OTTOLEGAL Conference Held at Sabancı University’s Digital Campus
Last week, Sabancı University welcomed dozens of acclaimed scholars from across the world at its Altunizade Digital Campus to discuss one of the most pressing issues facing historians and other scholars in the humanities and social sciences today: How to reconceptualize our understanding of the past to acknowledge the vital role played by groups often marginalized in traditional scholarship and contemporary discourse, including religious and ethnic minorities, women, and others. The conference, organized by Sabancı’s very own Abdurrahman Atçıl and Ayşe Ozil, alongside Eugenia Kermeli from Hacettepe University, was held under the umbrella of the ongoing project “OTTOLEGAL: The Making of Ottoman Law,” a project based at Sabancı and generously supported by the European Research Council.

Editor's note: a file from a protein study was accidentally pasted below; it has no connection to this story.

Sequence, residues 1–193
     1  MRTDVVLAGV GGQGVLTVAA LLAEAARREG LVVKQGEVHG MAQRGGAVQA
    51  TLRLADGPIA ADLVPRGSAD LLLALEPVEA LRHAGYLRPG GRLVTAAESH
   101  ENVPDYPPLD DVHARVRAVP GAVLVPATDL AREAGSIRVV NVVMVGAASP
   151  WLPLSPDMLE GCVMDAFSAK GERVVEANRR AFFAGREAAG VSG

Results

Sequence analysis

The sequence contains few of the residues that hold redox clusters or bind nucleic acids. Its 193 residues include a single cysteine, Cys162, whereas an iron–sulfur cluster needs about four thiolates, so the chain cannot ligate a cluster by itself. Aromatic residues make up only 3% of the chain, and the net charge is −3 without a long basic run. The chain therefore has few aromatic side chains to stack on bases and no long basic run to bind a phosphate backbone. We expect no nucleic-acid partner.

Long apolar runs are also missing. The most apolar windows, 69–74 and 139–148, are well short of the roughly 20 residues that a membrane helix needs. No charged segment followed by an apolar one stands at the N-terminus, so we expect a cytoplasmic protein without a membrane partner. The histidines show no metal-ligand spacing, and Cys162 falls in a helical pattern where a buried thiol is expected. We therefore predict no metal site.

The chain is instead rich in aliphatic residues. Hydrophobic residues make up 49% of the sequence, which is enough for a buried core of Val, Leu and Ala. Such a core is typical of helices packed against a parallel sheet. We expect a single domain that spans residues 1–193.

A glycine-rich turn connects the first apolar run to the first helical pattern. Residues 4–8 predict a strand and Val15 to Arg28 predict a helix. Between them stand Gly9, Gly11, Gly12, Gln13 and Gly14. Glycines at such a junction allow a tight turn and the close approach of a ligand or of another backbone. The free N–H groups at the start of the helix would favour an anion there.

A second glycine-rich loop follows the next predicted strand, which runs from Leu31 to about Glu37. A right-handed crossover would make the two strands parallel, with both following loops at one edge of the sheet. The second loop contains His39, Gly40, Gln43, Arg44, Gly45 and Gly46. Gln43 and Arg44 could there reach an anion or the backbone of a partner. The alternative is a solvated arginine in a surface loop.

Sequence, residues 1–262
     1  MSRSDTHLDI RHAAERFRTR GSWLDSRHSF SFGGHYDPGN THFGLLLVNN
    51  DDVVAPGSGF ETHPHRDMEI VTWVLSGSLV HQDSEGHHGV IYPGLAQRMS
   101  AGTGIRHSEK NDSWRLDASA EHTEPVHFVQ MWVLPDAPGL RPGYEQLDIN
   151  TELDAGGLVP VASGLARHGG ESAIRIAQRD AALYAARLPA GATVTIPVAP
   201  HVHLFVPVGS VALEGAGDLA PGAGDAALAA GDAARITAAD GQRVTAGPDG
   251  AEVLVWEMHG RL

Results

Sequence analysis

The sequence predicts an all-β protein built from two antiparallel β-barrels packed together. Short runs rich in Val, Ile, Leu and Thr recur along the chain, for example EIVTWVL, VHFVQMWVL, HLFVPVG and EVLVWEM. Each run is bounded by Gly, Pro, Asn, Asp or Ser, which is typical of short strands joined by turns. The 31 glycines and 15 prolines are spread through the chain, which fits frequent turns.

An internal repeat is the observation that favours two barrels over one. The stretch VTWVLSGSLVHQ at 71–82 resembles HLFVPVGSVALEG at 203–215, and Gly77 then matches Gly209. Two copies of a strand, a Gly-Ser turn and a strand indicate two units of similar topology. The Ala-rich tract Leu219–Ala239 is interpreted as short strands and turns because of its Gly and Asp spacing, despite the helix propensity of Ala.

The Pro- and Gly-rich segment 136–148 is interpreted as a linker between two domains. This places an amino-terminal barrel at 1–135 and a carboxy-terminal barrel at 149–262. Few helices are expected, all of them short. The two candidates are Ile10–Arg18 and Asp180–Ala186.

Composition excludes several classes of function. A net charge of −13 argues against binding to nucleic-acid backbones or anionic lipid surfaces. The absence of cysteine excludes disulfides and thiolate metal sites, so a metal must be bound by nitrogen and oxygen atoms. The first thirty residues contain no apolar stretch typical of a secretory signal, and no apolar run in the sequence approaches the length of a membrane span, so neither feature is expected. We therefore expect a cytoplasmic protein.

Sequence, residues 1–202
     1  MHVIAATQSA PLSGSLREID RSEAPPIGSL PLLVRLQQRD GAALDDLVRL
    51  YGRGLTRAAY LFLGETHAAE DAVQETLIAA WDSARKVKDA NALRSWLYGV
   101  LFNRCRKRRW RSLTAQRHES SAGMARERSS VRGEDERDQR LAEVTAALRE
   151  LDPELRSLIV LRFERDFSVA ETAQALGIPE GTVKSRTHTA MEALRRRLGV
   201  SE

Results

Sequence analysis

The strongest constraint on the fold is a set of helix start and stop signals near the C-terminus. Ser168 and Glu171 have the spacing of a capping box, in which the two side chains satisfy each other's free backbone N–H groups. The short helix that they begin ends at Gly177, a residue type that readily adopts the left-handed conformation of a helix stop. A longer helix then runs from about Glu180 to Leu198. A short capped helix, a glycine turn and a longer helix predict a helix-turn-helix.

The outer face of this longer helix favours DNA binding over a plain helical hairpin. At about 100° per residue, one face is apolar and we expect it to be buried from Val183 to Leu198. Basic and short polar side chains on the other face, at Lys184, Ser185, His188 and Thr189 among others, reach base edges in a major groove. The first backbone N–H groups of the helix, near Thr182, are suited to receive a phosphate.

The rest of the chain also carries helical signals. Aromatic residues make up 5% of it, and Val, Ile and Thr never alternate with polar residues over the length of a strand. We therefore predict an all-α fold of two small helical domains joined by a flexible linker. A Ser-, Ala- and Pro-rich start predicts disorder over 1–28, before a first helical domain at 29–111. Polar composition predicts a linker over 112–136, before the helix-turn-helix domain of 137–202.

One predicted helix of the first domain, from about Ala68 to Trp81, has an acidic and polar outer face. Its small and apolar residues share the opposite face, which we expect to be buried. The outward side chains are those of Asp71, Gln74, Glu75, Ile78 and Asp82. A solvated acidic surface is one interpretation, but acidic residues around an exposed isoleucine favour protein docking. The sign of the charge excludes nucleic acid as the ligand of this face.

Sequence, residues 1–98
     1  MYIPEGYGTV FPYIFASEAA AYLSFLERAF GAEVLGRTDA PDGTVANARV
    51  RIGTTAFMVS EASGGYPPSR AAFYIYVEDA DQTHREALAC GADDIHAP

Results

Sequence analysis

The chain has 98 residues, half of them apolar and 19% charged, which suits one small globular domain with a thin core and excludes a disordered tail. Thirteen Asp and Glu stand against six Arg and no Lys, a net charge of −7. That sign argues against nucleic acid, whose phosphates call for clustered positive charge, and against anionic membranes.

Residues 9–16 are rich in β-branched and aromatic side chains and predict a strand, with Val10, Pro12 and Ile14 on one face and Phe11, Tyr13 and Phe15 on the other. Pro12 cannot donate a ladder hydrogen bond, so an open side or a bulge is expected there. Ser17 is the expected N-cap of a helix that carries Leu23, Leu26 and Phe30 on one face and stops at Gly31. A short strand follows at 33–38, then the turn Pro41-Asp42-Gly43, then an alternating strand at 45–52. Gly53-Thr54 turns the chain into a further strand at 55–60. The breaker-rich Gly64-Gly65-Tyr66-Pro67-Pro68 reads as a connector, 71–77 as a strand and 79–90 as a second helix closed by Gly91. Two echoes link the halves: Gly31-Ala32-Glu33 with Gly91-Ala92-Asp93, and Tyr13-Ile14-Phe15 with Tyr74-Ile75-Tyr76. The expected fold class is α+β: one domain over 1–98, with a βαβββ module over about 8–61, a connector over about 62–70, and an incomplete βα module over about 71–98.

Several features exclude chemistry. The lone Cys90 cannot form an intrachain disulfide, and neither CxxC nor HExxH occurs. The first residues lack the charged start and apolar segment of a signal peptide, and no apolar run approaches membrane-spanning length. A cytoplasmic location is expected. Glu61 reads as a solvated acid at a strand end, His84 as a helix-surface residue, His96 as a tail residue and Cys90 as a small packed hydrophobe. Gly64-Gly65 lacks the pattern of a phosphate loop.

Entitled “The Balance of Justice in the Ottoman Empire: Non-Muslims as Agents in an Islamic Imperial Legal Context,” the conference featured twenty presentations by scholars from North America, Europe, and the Middle East, with attendees participating from even further afield. The conference began on 13 October with opening remarks by the organizers, President Yusuf Leblebici, and Dean Meltem Müftüler-Baç. The topics of the conference ranged from conceptual studies dealing with notions of justice and the dynamics of Ottoman legal thought and practice to cases studies related to the Ottoman non-Muslim actors and to wide-ranging analyses of the purview of Islamic and communal courts. The conference closed with a lively roundtable kicked off by Engin Deniz Akarlı, Baki Tezcan, and Edhem Eldem, after which attendees were treated to a special tour and dinner at Topkapı Palace.
The OTTOLEGAL team thanks everyone who attended and all those whose work went into making the conference a success. The team will now begin work on an edited volume that will build on the ideas and insights articulated at the conference and bring them to an even wider audience.